NCPCR bats for strict implementation of RTE
The NCPCR cited increasing instances of children being targeted in Jammu and Kashmir and the Northeast.
New Delhi: Citing increasing instances of children being targeted in Jammu and Kashmir and the Northeast, the National Commission for Protection of Child Rights (NCPCR) has called for strict implementation of the Right to Education Act in such places to check the practice.
The national child rights body also described as "disturbing" and "worrying" reports of children being recruited by extremist groups and targeted by officials in "encounters".
"Adolescent girls and boys in areas of civil unrest are increasingly falling prey to trafficking, child labour and underground groups.
"This clearly shows the lacuna in the education system in these areas," Shanta Sinha, chairperson of the National Commission for Protection of Child Rights (NCPCR), said.
"These children are far more vulnerable also because we don`t have a universal secondary education system. RTE must be strictly implemented in these places to give newer opportunities and scope for newer dreams," she said.
Refusing to name any particular group, Sinha said there are increasing instances of children being recruited by "underground" groups and "in rare cases targeted by officials in encounters".
"Children are being made scapegoats in the crossfire between officials and underground groups. While the former recruits them, they are in rare cases targeted in encounters by officials, who suspect them of being part of some extremist group, even if they are actually not. This is worrying and disturbing," she said.
Sinha`s observation is buttressed by the annual report of the UN Secretary-General on Children and Armed Conflict, submitted to the Security Council last week, which said that information had been received on recruitment and use of children by Naxalites, particularly in Chhattisgarh and some districts in adjoining states.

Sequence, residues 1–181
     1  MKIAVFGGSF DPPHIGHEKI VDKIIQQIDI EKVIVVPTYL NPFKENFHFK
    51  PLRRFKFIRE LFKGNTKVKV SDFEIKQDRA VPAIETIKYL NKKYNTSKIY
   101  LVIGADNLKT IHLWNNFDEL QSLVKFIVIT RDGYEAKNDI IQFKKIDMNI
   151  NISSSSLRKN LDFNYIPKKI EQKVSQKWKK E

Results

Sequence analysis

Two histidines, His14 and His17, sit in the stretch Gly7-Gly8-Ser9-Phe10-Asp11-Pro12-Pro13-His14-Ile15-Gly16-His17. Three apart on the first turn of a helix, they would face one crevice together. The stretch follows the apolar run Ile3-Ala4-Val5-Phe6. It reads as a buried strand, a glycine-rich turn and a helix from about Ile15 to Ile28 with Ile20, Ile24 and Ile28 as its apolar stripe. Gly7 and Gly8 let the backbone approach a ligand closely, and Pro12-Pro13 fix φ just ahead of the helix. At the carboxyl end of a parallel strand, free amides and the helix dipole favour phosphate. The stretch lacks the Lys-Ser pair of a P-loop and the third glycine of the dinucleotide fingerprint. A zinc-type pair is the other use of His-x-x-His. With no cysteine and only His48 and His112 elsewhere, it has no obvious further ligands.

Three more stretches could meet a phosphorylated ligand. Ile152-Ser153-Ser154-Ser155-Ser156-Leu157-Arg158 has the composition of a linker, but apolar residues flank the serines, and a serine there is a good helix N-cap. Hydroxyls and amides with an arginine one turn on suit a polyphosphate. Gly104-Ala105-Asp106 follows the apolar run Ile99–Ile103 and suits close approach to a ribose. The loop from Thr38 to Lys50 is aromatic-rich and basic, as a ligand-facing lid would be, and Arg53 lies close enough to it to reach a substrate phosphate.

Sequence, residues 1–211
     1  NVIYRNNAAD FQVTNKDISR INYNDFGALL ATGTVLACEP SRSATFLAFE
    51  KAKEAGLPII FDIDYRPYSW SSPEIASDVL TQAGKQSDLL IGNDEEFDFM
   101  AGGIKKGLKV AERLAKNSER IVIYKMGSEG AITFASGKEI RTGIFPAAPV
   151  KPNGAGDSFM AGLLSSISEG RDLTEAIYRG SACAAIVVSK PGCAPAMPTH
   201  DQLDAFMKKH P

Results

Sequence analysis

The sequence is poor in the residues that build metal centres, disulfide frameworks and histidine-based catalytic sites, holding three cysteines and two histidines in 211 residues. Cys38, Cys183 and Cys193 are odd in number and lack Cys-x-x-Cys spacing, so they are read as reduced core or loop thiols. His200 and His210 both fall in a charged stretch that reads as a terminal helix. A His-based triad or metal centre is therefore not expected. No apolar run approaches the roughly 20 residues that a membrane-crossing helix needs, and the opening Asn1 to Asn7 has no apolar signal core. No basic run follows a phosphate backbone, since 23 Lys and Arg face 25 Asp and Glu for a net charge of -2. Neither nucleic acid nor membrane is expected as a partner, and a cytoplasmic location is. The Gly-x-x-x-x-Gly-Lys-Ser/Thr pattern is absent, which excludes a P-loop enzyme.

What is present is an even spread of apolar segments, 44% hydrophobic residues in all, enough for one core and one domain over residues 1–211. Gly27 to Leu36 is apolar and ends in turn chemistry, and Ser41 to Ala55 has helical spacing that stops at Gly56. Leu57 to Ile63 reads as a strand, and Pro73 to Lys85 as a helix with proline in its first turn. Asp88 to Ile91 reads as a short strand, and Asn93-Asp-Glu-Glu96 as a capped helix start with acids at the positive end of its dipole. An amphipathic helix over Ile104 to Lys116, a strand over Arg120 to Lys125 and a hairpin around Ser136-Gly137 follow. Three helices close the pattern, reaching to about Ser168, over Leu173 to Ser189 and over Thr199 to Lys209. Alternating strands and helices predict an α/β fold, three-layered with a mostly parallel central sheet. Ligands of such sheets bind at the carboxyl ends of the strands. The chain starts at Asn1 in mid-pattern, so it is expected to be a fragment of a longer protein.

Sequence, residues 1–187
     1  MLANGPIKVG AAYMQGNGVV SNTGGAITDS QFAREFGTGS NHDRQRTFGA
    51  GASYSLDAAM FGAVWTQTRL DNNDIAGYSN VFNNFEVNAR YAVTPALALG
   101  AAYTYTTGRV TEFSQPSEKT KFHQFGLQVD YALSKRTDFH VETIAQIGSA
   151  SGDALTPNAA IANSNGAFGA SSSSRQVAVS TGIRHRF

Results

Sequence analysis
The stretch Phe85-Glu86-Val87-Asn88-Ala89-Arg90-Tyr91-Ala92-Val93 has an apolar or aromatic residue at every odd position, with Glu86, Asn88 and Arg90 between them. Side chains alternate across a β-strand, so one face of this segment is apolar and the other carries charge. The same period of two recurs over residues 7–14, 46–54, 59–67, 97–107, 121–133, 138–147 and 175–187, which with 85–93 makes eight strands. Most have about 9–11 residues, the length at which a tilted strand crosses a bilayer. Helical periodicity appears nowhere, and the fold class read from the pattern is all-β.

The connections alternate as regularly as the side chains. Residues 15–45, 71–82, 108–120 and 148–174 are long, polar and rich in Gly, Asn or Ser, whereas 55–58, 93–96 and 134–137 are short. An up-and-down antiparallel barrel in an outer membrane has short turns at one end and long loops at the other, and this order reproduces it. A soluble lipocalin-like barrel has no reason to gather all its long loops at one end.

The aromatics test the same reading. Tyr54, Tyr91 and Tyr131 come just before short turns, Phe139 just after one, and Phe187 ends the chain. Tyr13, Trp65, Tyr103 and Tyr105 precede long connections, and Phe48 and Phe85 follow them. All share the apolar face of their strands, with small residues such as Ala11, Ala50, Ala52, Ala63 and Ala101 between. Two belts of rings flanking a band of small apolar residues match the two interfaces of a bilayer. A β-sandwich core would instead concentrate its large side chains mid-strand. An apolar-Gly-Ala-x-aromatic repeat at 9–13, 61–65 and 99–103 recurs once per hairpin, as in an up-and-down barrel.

The child rights body also expressed concern about the influx of children from "disturbed" areas to other states in search of better education and livelihood.
"This is a displacement of sorts. Children are separated from their families, culture and environment in a manner that is quite exploitative as their parents are usually poor. This only shows the need to bolster the education system, which has been weakened by the unrest," Sinha said.
She said the government and the child rights body are leaving "no stone unturned" in addressing children`s needs comprehensively in `disturbed` areas and schemes like `Bal Bandhu`, implemented in 10 states, have met with "astounding success".
"Besides, we had in the earlier stage done social audit in 12 states and developed a template to train communities on how to audit schools and to see how RTE is being implemented and it has turned out well.
"We started it as a pilot project and now we are trying to introduce this pilot to all the educational departments and asking them to replicate it," she said.